E.H. Field, G.P. Biasi, P. Bird, T.E. Dawson, K.R. Felzer, D.D. Jackson, K.M. Johnson, T.H. Jordan, C. Madden, A.J. Michael, K.R. Milner, M.T. Page, T. Parsons, P.M. Powers, B.E. Shaw, W.R. Thatcher, R.J. Weldon II, Y. Zeng
The Uniform California Earthquake Rupture Forecast, Version 3 (UCERF3) is a model of earthquake occurrence for California developed by the U.S. Geological Survey (USGS) and the Working Group on California Earthquake Probabilities (WGCEP). The time-independent version of UCERF3 (Field et al., 2013; 2014) has been used for the 2014 update of the USGS National Seismic Hazard Maps (Petersen et al., 2014). The model has been translated from its original format into the OpenQuake (OQ) engine by GEM.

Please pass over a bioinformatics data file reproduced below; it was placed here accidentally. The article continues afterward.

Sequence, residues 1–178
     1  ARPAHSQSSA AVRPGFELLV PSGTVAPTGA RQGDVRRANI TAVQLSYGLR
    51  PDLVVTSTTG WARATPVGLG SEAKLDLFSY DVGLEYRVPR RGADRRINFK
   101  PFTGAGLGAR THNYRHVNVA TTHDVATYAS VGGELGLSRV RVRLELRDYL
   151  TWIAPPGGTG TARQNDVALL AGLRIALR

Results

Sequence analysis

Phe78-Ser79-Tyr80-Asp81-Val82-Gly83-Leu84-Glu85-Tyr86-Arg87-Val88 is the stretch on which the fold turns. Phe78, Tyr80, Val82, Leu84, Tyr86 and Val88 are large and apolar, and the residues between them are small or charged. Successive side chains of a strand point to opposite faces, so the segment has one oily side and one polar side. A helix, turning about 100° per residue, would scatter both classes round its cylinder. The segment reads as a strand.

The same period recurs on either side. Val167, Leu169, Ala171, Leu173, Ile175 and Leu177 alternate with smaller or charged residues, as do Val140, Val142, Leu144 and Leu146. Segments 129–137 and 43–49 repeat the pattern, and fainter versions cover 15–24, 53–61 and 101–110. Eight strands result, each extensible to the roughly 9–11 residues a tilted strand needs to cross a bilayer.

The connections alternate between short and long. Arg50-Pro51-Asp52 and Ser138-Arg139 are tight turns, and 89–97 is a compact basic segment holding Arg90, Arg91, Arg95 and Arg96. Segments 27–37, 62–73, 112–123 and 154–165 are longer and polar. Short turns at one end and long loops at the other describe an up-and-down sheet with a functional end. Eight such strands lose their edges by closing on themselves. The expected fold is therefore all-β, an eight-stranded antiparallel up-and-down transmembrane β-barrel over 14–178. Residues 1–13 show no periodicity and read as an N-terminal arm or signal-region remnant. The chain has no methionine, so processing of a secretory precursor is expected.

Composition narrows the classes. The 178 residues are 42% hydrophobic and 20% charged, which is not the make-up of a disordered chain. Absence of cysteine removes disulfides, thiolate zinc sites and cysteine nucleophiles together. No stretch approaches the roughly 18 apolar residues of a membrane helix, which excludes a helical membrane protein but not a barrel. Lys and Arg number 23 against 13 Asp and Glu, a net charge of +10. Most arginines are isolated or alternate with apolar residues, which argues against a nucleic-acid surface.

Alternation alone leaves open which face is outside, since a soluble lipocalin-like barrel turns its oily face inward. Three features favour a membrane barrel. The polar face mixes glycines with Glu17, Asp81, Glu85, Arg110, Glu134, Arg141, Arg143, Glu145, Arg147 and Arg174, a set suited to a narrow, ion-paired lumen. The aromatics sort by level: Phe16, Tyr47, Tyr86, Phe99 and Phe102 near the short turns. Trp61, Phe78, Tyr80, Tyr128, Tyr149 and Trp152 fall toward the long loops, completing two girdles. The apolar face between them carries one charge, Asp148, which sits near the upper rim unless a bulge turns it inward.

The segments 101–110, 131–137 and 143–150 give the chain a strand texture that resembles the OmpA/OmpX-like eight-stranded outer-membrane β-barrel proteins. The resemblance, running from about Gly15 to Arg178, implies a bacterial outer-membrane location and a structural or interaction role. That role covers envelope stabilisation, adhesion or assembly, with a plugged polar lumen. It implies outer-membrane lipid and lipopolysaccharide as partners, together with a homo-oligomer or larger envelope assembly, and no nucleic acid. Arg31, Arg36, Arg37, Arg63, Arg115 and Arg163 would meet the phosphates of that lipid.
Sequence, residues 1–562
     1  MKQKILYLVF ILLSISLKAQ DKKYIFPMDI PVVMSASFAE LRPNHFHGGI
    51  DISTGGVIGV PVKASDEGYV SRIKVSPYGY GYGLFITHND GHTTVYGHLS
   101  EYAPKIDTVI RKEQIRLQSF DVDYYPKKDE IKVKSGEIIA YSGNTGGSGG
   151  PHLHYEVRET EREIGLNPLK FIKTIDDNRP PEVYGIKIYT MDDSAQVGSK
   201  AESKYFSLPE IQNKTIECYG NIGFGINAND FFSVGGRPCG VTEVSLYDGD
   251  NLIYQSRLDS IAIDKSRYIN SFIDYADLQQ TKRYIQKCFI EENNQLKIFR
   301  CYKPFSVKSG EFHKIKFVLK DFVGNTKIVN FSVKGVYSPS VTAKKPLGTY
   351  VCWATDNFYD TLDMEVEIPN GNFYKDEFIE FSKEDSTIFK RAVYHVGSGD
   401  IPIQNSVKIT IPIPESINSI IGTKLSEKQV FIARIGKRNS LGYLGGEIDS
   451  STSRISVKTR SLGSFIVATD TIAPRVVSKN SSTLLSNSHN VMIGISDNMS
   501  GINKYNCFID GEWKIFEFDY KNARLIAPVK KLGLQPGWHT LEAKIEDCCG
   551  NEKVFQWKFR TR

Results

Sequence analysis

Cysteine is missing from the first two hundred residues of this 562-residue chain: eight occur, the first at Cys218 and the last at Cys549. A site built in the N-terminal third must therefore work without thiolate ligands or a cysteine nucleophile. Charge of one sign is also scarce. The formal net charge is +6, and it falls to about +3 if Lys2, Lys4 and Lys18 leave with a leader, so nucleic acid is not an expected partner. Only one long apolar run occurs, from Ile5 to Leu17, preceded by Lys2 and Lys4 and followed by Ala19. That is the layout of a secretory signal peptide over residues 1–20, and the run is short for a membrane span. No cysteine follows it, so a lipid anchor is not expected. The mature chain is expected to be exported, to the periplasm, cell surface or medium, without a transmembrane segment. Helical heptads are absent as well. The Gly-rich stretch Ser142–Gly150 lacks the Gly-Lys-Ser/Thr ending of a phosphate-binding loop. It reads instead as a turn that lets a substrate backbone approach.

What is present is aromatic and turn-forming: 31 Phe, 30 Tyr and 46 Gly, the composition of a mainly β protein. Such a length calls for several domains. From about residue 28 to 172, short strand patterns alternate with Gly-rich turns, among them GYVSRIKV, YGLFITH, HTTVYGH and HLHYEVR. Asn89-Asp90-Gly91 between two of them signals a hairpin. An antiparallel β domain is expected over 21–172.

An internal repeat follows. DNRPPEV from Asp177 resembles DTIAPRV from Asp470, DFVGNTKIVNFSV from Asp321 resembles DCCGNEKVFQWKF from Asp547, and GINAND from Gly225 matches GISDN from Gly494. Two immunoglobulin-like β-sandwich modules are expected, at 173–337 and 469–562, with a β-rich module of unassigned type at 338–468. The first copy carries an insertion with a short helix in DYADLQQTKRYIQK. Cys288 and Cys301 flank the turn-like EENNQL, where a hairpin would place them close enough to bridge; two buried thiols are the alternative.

Information about the OQ model versions and input files can be found on the Results and Dissemination page.
The viewer below depicts the seismic sources and hazard results in terms of PGA for a return period of 475 years. Click on the menu in the upper right corner to select the layer.